Alcoholism In Aboriginals

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Alcoholism In Aboriginals It is believed by many different people that aboriginals are alcoholics. This may be true in some cases, but definitely not all. Alcohol was first introduced to the aboriginals through social interactions with European explorers, fur traders, and merchants. Alcohol became a part of their business as well as pleasure. The aboriginals had no immunity to alcohol. Although the stereotypes of the drunkenness of aboriginals have been exaggerated, it is still a real problem.

Alcoholism increased the risk of heart disease, liver disease, gastro-intestinal cancers and much more. Alcoholism can also provoke accidents, suicides, family violence, unemployment and criminal behavior. Henoch Obed, an addiction counselor in Newfoundland and Labrador, explains an example of the affects of alcoholism. ""¦Myself, I am a sober alcoholic and drug addict. My sister perished when she was drunk. My nephew killed himself and his own father and mother while they were drunk.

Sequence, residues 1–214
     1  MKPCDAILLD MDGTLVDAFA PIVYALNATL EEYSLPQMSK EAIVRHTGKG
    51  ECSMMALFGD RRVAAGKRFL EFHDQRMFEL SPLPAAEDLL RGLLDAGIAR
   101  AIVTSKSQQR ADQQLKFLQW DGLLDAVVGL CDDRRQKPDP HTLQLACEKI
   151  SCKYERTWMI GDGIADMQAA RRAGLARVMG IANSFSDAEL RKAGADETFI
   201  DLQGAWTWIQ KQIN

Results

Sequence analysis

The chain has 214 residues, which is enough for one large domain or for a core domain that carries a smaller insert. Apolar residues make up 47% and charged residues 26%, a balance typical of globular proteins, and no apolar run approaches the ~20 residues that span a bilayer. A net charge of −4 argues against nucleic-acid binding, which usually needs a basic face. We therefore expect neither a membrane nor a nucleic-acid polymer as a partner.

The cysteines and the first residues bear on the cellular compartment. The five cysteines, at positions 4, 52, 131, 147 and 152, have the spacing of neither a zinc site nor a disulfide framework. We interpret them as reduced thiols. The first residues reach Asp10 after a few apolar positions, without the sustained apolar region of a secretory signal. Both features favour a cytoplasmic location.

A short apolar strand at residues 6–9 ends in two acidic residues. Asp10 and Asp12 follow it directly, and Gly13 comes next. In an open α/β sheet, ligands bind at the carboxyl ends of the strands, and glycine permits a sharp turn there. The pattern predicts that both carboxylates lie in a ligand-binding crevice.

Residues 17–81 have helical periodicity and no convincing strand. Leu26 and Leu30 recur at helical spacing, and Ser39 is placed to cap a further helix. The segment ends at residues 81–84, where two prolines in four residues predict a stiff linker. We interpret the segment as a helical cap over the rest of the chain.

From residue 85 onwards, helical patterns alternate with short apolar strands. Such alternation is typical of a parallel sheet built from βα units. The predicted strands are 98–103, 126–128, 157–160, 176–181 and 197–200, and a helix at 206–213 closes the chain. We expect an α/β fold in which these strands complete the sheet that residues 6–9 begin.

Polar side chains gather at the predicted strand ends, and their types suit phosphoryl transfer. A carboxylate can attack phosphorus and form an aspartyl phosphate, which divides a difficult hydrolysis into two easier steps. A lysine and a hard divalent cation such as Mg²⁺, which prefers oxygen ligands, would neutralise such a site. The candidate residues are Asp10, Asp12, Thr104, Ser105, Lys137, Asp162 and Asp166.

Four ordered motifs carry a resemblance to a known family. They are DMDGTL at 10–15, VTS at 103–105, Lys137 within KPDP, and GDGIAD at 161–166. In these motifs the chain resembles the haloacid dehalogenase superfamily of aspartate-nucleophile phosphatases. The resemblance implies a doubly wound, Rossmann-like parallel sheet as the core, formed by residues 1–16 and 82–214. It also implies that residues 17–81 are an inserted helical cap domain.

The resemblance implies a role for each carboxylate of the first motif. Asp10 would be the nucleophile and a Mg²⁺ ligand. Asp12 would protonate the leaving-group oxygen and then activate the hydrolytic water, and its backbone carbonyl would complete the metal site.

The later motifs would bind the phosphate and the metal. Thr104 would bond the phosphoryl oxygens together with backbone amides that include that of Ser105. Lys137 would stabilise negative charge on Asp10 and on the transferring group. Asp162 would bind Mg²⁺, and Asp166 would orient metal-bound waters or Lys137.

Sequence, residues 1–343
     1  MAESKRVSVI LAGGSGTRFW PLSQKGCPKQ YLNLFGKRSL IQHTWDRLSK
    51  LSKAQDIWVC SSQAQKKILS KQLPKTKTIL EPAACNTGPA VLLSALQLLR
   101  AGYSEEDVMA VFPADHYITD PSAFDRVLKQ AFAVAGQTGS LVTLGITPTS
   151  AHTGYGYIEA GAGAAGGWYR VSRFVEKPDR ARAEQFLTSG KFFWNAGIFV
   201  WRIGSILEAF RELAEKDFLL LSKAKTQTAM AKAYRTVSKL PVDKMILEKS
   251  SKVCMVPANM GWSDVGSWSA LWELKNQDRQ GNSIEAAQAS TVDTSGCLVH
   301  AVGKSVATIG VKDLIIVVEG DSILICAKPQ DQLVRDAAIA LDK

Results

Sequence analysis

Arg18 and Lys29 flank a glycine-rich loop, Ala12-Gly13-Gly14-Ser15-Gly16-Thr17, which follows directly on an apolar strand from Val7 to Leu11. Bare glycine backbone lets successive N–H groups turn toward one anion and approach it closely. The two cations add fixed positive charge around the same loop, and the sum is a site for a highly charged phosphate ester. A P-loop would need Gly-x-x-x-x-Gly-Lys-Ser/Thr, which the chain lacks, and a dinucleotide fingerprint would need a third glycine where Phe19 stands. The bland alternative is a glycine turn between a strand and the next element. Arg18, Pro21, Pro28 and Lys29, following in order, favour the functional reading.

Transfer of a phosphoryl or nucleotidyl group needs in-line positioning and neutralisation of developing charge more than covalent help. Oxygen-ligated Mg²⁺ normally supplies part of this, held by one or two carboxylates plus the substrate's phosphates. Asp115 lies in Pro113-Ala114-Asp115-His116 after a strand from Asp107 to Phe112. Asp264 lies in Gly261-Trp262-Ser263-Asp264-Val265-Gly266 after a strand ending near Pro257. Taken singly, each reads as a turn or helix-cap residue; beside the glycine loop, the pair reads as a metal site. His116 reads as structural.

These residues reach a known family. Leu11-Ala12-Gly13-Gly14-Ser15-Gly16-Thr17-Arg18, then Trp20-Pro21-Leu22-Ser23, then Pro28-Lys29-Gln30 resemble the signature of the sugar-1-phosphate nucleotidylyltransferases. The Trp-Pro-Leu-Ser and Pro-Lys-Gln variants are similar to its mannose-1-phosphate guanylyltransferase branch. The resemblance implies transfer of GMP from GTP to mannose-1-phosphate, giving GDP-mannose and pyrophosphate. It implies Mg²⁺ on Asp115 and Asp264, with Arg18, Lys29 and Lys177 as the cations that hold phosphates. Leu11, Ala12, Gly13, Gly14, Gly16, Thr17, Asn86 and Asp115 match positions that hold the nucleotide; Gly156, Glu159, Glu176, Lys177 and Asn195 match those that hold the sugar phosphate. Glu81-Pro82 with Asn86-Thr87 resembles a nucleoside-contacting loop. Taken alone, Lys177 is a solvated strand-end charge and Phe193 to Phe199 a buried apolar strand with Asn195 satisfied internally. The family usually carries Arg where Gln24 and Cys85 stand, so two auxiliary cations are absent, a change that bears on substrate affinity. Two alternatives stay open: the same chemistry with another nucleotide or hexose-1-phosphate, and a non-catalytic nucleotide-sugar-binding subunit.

My older brother shot himself when he was drunk."� This just shows that drinking may not only make you feel good, it can be a serious problem and very, very dangerous.

The rate of liver disease due to drinking among aboriginal people is three and a half times the national average. So far the most successful alcohol treatment program was developed by and for aboriginals who have gone far beyond this understanding of addictions. Alcoholism has four main symptoms, one is craving, two is lack of control, three is physical tolerance, and four is physical dependence. Scientists do not yet fully understand what causes alcoholism. Although many people use alcohol at times, only a small percentage develops a drinking problem.

Children of alcoholics are at high risk of becoming an alcoholic, they often do poorly in school, and they often develop unhealthy living patterns. They are at high risk...